It is outfitted with displays that offer live data about how much natural gas is being used and the estimated savings.
A short trip on Interstate 44 resulted in about $5 in savings, thanks to the CNG that augmented its fuel supply.
“The savings add up real quick,” Wilkinson said.
Wilkinson said diesel natural gas systems can be built to the owner's specifications, but the cost typically is about $30,000 or so.
Drivers can pay off the extra expense of adding natural gas to the mix in as little as nine months, depending on how many miles they drive, he said.
Wilkinson said Peake developed the system over the past couple of years after discovering there was no application for natural gas in the trucking industry.
“That's a lot of what drove the development,” he said. “We were just trying to demonstrate the possibilities.”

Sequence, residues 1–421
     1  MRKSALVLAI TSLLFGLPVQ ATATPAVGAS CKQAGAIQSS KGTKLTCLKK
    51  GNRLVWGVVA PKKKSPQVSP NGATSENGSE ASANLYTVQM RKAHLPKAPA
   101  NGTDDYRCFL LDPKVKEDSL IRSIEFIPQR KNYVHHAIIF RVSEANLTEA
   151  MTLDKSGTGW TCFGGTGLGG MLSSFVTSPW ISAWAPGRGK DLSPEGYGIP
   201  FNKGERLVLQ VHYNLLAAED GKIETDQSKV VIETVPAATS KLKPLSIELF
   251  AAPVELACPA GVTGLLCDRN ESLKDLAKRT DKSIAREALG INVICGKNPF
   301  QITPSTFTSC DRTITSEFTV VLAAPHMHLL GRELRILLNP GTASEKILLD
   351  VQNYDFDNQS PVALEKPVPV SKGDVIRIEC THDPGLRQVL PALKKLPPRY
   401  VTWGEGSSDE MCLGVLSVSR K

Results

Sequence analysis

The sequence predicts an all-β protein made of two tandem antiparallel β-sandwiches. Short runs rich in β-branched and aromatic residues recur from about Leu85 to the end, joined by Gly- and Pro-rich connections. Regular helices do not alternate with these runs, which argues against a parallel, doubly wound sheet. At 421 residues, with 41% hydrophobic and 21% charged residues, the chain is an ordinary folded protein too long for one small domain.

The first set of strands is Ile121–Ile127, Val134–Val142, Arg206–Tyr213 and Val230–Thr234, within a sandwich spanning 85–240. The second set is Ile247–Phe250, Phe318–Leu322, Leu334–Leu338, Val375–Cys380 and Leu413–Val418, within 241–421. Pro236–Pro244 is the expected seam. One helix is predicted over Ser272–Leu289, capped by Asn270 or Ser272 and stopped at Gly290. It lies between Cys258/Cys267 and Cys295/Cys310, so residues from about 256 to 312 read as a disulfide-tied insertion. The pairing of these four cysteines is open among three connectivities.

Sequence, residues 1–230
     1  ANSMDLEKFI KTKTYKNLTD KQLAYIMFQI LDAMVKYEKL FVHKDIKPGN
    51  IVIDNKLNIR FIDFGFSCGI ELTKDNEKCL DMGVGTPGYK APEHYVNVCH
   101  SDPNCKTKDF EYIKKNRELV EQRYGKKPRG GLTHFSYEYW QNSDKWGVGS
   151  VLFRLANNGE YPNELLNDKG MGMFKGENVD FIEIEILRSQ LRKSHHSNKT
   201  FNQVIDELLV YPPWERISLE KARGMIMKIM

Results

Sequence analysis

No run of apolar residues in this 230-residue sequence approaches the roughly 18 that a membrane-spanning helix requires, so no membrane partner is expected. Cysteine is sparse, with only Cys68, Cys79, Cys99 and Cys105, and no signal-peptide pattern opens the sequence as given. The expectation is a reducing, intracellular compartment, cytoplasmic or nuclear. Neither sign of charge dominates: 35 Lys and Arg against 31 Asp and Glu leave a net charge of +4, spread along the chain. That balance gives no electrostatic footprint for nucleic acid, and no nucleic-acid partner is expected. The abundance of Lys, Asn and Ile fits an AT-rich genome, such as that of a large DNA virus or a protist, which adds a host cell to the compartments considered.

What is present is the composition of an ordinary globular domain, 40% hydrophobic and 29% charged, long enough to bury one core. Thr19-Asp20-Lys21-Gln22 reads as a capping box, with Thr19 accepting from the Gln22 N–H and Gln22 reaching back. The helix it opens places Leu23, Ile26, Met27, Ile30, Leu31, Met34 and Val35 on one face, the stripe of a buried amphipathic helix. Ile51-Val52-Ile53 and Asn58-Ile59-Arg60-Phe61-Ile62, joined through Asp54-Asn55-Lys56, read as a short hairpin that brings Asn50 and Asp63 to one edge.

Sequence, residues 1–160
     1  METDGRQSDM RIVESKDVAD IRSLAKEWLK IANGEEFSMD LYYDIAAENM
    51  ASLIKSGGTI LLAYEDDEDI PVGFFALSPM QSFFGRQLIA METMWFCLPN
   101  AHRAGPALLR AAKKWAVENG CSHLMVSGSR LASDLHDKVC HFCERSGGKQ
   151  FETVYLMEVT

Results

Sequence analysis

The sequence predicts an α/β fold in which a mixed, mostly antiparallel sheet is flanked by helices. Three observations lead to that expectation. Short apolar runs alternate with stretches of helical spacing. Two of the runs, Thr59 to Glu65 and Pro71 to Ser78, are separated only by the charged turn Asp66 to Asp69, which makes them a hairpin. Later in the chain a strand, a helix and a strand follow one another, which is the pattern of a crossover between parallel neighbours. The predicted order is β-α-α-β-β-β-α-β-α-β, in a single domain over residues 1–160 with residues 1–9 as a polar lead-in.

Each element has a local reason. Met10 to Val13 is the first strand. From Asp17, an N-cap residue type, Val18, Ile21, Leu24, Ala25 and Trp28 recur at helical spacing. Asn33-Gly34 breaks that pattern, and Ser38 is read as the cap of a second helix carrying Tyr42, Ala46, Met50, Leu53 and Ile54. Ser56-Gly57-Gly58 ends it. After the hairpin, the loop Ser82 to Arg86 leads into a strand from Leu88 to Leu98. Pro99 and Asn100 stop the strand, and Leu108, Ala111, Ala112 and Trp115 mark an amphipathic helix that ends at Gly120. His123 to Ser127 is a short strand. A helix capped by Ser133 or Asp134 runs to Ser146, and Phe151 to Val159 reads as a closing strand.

Peake will outfit trucks to run on diesel natural gas for corporate cousin Chesapeake Oilfield Services, Wilkinson said.
Another Peake offering, CNG in a Box, will be used in conjunction with the diesel system to ensure fuel is available for those trucks at fueling stations.
Peake developed CNG in a Box with GE. It is a “plug and play” unit meant to speed the development of natural gas fueling stations.
Wilkinson said those two offerings circumvent the “chicken or egg” questions that have slowed the spread of CNG.
“These are complete solutions,” he said.